The saying goes “Third time lucky” that’s me.
Having covered a fair few miles of river over the last two days and blanking is enough to dishearten you. But us anglers carry on and continue to hunt/stalk those fish. The determination gets stronger!
My plan this afternoon was to cover a stretch of river from left to right, moving swims every 40mins. I arrived around 14:00pm to a location that screamed chub. A tree had decided to live out its remaining life onto the water, and judging by the debris it had collected, it had fallen some time ago. Beside this tree, a small narrow fast flowing cut, which joined the main flow of the river.
It was that crease of the river that I was to drop a large piece of bread flake. For me it’s all about going big in winter. Big hook, big bait and 6lb line straight through to a size 6 specialist.
Two small balls of liquidised bread with a little turmeric added, thrown into the cut beside the margins, this produced a nice cloud which will eventually make its way to my hook bait.
I didn’t wait long for the quiver tip to smack down and then bend right around. I lifted the rod too soon, the fish screamed away towards the low bridge and after feeling two or three heavy knocks the hook gave way. It certainly felt like a powerful chub. With that in mind I was prepared to move on and find another swim, but my gut feeling was telling me to stay.
The rod tip settled and I set my stop watch to 40 minutes. 20 minutes later another great curve in the quiver tip. This time I allowed a little more time, bingo! I held the rod low, applying pressure to keep him away from the possible tree roots and most certainly the debris. The location I’m fishing was risky, a 50/50 chance of getting snagged, if I didn’t steer the fish away quickly. Chub certainly give a good fight and will use every opportunity to get you, the angler, in trouble. Away from cover he continues to fight, my rod absorbing each tail thrash and body dive to get to cover. I was glad to see his huge rubbery lips and wide open mouth as I slid him into the landing net.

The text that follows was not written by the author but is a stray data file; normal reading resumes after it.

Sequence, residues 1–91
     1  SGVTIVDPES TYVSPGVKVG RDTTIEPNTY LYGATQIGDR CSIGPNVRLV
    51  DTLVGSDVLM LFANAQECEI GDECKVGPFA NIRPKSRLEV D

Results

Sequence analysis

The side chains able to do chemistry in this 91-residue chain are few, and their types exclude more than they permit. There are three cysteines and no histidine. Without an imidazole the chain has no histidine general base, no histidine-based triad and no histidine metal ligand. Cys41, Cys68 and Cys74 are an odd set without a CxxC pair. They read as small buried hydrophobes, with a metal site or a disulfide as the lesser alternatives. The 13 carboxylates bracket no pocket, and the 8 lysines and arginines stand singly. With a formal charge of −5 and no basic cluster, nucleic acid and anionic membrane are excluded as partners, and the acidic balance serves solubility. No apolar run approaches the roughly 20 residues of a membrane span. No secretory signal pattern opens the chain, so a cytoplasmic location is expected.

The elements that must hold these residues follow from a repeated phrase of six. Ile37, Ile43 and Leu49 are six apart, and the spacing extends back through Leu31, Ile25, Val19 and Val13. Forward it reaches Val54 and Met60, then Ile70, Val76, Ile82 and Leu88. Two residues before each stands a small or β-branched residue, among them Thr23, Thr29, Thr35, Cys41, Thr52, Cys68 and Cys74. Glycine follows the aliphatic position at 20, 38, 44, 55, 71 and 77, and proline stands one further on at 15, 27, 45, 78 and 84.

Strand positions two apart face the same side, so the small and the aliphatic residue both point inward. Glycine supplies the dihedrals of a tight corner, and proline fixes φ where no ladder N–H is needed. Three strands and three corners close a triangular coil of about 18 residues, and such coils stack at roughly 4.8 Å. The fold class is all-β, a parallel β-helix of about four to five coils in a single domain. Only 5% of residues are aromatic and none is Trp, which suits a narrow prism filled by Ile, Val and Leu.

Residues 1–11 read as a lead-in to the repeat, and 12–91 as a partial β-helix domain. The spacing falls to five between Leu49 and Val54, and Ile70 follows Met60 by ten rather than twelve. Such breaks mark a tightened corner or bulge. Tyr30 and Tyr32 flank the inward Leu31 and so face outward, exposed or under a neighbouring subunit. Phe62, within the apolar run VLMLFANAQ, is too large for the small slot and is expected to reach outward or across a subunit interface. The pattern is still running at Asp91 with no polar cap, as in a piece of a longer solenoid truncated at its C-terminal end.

As I’m admiring his beauty I notice that a small part of his tail was missing, an old injury that had healed. I named him “The Half Tail Warrior” even with some tail missing he fought like one. Who knows, someday I may get to catch him again.
The light was fading, the wind was getting stronger and temperature dropping. The cold wind was smacking against my face making my eyes water. One final cast into the same spot.
I began to pack my things away and as I was rolling up my unhooking mat, the rod tip bends around and I’m into another fine chub. Not as big, but just as chunky and angry as the first.
I slipped him back into the water. It was pretty much in darkness now, the wildfowl had arrived home and several ducks beside me were waiting patiently to gobble up the fallen bread pieces by my feet. I can’t complain, two great chub taken on bread flake. I gathered my things and made the short walk to my vehicle.
Homeward bound for a hot brew and a seat beside the fire.
Note the tail A big piece of bread used on a size 6 hook